Business briefing

The daily business briefing: December 23, 2021

Biden says administration, companies averted holiday supply crisis, the FDA authorizes Pfizer's pill to treat COVID-19, and more

1

Biden says holiday supply crisis averted

President Biden said Wednesday that measures taken by his administration had eased supply-chain bottlenecks to avoid a pre-Christmas logjam. "The much-predicted crisis didn't occur," Biden said ahead of a meeting between government officials and leaders of major companies. "Packages are moving, gifts are being delivered, shelves are not empty." Biden created a task force in June to address high prices and inventory shortages blamed on pandemic-related shipping and labor problems, along with high demand. The administration pushed ports to operate around the clock to clear bottlenecks, resulting in a record number of goods passing through Southern California ports, with shipping wait time cut in half. FedEx CEO Fred Smith said some issues remained but "most of Santa Claus' products will be delivered to the consumers."

2

FDA authorizes Pfizer's pill to treat COVID-19

The Food and Drug Administration on Wednesday authorized Pfizer's antiviral pill Paxlovid to treat early COVID-19 cases, making it the first drug approved for people to take at home to prevent severe symptoms. The milestone came as infections and hospitalizations rise and authorities warn of a potential flood of cases due to the fast-spreading Omicron variant. Another antiviral pill, developed by Merck, also is expected to receive authorization soon. Health experts have high expectations for Pfizer's drug due to its mild side effects and tests showing it reduces hospitalizations and deaths by nearly 90 percent among patients at risk for severe disease. "The efficacy is high, the side effects are low, and it's oral. It checks all the boxes," said Dr. Gregory Poland of the Mayo Clinic.

3

Biden extends student loan payment relief

President Biden announced Wednesday that he would extend a suspension of student loan payments until May 1 to help people facing financial problems due to the ongoing coronavirus crisis. The pause had been scheduled to expire Feb. 1. The change comes as the Biden administration and local public health officials rush to address the new COVID-19 surge fueled by the fast-spreading Omicron variant. "Given these considerations, today my administration is extending the pause on federal student loan repayments for an additional 90 days — through May 1, 2022 — as we manage the ongoing pandemic and further strengthen our economic recovery," Biden said in a statement. Biden also said the Education Department was working to help borrowers "transition smoothly" back into making payments when the time comes.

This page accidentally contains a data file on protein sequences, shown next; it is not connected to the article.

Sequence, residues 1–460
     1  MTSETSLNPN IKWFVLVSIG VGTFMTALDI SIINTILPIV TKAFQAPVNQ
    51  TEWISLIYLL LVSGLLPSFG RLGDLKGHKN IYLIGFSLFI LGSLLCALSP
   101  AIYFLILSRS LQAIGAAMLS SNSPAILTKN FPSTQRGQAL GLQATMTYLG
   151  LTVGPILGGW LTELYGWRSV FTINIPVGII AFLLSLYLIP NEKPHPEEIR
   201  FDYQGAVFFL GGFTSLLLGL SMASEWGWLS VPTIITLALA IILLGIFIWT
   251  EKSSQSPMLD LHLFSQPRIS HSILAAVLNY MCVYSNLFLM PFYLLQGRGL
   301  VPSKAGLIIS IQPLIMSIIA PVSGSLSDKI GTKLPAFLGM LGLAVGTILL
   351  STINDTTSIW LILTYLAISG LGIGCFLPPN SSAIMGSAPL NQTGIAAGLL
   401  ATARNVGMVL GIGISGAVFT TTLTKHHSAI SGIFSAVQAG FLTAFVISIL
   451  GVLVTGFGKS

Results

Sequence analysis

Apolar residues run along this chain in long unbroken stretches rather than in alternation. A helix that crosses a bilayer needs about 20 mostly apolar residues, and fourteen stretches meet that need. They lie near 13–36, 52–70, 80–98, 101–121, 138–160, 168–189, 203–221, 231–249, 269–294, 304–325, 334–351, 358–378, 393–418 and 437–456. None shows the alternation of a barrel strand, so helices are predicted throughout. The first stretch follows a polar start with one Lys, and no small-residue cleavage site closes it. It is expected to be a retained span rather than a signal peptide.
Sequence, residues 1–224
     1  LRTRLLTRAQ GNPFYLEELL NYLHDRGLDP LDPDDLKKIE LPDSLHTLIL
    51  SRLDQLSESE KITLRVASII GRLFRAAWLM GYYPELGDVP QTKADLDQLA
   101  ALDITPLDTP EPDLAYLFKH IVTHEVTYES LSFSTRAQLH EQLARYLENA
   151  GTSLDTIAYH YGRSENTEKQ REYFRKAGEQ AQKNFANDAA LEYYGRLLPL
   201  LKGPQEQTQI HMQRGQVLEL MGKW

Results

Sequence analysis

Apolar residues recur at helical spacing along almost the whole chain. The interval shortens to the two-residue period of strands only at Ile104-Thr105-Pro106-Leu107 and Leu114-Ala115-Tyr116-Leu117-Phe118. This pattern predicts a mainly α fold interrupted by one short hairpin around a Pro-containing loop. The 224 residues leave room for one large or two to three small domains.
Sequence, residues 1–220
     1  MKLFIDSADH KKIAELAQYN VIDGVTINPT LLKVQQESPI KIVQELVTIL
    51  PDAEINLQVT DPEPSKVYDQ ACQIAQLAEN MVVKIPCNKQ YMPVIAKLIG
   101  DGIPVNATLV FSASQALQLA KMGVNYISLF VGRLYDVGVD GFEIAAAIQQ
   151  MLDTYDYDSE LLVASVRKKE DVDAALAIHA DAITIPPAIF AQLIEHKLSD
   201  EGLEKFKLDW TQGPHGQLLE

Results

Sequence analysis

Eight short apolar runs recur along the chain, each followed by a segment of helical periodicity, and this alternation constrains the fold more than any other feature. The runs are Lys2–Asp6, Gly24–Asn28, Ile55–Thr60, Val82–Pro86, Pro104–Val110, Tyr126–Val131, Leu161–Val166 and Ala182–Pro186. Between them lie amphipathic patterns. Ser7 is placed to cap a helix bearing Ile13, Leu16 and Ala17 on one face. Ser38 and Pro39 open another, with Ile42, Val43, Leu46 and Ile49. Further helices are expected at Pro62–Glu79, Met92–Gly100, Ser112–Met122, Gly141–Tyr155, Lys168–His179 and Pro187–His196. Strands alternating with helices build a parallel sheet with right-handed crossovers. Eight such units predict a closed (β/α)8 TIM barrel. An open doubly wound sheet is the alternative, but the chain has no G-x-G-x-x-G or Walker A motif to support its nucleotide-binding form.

4

Existing-home sales rise with boost from low mortgage rates 

U.S. existing-home sales rose by 1.9 percent in November compared to the month before as low mortgage interest rates and a strong job market continued to fuel strong demand. The seasonally adjusted annual rate of 6.46 million sales marked the fastest pace since January, although November sales were down 2 percent from a year earlier. Existing-home sales are headed for their best year since 2006, with sales up by 10 percent from a year earlier in the first 11 months of 2021, thanks to low interest rates, higher household savings, and buyers looking for more space to work from home. Competition for limited inventory has driven prices up, with the median existing-home price up by 13.9 percent in November from a year earlier, to $353,900, the National Association of Realtors said.

5

Stock futures edge higher after 2 days of gains

U.S. stock futures rose slightly early Thursday after a second day of gains despite ongoing concerns about the fast-spreading Omicron coronavirus variant. Futures tied to the Dow Jones Industrial Average and the S&P 500 were up by about 0.3 percent at 6:30 a.m. ET. Futures for the tech-heavy Nasdaq were up by 0.2 percent. The Dow and the S&P 500 rose by 0.7 percent and 1 percent, respectively, on Wednesday. The Nasdaq gained 1.2 percent. The three main U.S. indexes on Tuesday ended a three-day losing streak fueled by fears of economic fallout from the Omicron surge. "December is a month where we're not supposed to see much volatility, but we have thanks to the Omicron variant news," said Angelo Kourkafas, an investment strategist at Edward Jones.

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